Natasha Ridge, executive director at Sheikh Saud bin Saqr Al Qasimi Foundation for Policy Research, said it made "very logical sense" that young Arabs would be deterred by the idea of democracy, having seen attempts at it fail in nations across the region.
"Given what they have experienced of democracy, I can totally understand that young people would actually prefer a much more stable regime," she said.
"They have seen attempts to introduce it in Iraq post-conflict, which failed miserably. They saw that it was also not successful in Egypt.
"When they hear the word democracy, that is their association."
Five main takeaways from the 2022 Arab Youth Survey:
- Almost two thirds (65 per cent) of young Arabs say preserving their religious and cultural identity is more important than creating a more globalised society. This figure rises to 75 per cent in the Gulf.
- More than a third of young Arabs (35 per cent) say rising cost of living and unemployment are the biggest obstacles facing the region. Other concerns include unemployment (32 per cent), and the Israeli occupation of Palestine (29 per cent).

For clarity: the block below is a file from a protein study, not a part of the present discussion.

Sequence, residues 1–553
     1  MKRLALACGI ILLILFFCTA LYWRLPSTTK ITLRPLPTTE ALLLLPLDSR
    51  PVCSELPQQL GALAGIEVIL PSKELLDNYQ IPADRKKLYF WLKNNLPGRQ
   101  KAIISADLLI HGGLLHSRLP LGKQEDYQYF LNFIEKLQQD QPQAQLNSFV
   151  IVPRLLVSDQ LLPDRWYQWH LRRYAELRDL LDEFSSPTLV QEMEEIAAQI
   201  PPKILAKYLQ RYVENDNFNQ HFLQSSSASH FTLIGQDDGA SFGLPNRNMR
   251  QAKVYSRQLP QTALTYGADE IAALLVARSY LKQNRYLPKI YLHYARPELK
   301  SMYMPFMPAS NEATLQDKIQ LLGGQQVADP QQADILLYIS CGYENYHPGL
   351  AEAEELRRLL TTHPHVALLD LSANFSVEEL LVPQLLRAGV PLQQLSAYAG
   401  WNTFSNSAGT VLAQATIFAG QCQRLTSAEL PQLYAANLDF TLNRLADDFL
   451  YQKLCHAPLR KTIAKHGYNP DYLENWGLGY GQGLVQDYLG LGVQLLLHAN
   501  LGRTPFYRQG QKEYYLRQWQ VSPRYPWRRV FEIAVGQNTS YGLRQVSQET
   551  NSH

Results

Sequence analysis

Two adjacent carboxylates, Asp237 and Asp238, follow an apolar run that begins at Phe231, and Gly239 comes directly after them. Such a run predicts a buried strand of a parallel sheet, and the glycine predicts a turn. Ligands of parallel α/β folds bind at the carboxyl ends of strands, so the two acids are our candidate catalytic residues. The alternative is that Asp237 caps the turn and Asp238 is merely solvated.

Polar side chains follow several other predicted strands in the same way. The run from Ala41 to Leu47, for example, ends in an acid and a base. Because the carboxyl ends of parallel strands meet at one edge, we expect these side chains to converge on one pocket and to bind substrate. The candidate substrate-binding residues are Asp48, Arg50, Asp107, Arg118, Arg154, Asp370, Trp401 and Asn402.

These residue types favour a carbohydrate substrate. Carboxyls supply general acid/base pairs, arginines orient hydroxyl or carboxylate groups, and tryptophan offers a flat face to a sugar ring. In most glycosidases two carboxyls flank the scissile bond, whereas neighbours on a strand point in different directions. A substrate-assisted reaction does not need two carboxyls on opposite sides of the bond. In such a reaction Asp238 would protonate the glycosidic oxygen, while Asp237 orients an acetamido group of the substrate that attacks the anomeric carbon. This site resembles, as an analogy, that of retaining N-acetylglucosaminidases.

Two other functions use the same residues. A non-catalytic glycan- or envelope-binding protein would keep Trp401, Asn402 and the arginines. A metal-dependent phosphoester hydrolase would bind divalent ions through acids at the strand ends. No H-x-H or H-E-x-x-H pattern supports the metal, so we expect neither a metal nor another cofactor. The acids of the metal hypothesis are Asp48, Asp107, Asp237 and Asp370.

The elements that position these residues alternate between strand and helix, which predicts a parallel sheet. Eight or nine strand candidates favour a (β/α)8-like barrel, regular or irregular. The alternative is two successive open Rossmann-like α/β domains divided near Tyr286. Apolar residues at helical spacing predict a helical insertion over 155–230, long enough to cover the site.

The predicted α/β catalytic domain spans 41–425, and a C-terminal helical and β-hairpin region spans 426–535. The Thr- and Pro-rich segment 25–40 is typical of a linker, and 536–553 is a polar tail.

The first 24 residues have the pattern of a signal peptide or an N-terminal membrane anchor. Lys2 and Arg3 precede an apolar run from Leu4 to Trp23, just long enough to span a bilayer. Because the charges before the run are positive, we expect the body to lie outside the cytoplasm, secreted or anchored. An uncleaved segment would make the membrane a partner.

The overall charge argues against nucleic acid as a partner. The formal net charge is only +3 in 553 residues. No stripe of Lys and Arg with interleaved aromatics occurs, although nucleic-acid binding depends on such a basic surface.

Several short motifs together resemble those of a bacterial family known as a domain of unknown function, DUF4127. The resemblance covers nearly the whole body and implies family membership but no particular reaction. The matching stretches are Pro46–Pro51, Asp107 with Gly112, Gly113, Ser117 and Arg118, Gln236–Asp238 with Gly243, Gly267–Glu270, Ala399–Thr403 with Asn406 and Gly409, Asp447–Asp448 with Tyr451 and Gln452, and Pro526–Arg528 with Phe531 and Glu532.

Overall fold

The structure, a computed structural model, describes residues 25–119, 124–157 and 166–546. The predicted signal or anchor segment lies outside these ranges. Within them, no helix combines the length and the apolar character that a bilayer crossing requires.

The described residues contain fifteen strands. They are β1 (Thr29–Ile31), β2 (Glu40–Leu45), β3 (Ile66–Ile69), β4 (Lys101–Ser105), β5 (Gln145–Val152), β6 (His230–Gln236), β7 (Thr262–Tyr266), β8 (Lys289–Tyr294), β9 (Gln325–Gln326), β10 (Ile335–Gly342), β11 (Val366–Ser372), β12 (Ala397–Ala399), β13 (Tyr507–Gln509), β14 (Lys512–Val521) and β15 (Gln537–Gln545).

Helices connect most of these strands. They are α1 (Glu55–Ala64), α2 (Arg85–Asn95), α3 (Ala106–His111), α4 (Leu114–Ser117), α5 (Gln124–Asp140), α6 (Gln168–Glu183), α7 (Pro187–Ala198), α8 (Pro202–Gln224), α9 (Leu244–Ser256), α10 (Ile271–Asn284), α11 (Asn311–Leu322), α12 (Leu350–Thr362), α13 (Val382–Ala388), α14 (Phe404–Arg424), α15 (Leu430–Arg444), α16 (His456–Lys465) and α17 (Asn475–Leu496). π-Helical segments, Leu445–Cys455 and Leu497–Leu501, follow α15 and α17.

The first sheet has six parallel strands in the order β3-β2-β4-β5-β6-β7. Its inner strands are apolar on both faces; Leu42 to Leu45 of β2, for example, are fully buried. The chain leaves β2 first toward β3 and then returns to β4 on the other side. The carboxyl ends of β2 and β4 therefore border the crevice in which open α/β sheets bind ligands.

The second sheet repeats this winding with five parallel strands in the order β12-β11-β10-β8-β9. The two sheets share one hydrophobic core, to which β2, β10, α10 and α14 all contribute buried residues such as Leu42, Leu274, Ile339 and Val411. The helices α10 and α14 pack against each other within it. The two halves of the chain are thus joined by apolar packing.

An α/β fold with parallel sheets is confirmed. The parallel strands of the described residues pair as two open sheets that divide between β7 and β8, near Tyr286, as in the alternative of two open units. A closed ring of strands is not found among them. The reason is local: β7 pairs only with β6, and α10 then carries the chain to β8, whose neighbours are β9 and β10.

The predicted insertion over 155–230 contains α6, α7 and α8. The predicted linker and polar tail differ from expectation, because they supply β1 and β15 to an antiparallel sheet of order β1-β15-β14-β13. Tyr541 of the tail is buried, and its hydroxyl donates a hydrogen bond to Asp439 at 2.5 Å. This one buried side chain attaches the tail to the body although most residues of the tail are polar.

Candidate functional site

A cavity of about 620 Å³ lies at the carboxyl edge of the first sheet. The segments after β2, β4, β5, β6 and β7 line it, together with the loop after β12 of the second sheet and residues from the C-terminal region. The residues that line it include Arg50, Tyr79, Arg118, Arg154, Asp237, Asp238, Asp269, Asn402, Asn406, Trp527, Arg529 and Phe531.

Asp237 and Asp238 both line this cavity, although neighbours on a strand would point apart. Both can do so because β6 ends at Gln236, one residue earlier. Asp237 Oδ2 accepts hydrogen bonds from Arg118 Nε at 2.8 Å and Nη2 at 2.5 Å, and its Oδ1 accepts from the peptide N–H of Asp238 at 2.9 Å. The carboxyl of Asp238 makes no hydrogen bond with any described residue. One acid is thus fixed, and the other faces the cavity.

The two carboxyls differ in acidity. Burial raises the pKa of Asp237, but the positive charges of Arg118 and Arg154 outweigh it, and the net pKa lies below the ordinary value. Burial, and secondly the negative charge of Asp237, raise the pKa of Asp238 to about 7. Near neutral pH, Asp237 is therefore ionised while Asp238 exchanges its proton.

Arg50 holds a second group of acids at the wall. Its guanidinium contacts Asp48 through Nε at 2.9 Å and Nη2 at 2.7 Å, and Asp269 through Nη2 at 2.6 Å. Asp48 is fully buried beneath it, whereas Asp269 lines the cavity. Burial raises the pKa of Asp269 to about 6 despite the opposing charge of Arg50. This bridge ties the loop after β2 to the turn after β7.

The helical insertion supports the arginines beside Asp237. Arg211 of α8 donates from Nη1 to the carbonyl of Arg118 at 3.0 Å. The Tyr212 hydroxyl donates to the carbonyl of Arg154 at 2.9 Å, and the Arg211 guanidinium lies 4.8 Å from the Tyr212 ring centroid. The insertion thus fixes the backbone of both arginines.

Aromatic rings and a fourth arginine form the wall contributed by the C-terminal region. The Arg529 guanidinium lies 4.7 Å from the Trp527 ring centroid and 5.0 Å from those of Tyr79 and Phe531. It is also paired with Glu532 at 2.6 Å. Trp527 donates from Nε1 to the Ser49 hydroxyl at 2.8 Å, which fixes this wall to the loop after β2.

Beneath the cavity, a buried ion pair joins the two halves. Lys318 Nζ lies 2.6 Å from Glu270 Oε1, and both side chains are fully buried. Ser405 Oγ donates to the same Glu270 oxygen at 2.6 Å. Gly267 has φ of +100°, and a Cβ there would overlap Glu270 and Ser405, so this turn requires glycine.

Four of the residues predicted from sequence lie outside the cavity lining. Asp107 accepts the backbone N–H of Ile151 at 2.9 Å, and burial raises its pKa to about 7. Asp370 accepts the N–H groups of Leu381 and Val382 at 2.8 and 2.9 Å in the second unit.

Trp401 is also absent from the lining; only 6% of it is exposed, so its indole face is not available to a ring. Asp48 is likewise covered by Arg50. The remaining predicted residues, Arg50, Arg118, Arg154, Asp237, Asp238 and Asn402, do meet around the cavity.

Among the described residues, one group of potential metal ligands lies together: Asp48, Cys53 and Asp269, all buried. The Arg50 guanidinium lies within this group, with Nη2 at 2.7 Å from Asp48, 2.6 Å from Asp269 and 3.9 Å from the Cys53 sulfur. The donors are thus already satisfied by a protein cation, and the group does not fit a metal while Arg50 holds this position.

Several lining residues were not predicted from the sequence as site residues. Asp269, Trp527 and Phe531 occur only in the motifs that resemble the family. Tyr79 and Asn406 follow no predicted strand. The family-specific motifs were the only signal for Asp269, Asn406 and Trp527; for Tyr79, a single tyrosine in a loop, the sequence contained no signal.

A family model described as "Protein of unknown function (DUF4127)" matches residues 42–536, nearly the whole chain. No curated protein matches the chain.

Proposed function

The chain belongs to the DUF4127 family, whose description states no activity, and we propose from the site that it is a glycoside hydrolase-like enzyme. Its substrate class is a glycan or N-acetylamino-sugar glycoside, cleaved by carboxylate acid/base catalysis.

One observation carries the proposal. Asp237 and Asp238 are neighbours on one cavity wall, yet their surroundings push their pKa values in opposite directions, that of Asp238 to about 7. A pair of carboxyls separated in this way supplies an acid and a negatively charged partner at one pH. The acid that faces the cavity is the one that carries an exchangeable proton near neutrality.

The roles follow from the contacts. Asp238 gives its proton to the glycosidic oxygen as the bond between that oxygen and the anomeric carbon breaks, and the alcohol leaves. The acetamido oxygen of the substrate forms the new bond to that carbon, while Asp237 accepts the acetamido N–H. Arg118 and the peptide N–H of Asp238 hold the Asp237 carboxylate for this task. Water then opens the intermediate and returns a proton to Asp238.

- Some 31 per cent of young Arabs see the US and Nato as more responsible for war in Ukraine than Russia, though 37 per cent said they did not know or could not say either way.
- More than half (57 per cent) of young Arabs say the UAE is the country they would most like to live in. The UAE is rated as the most desirable country for the 11th consecutive year.
- Over the past five years, China has been seen by young Arabs as a stronger ally to their nation than the US. At least 78 per cent said China was a stronger ally, while 63 per cent chose the US.
Growing up in the aftermath of the Arab Uprisings
Respondents of this year's survey, conducted by the PR consultancy Asda'a BCW, would have been aged 8 to 12 during the Arab Uprisings of 2010-2013. The uprisings involved several Arab countries attempting to overthrow governments they viewed as authoritarian and corrupt in favour of democracy. In the end, only Tunisia experienced a true revolution, while most nations witnessed limited change to their regimes.
This reversal in political sentiment among Arab young people comes after more than a decade of instability in some countries, including Iraq, Syria and Lebanon.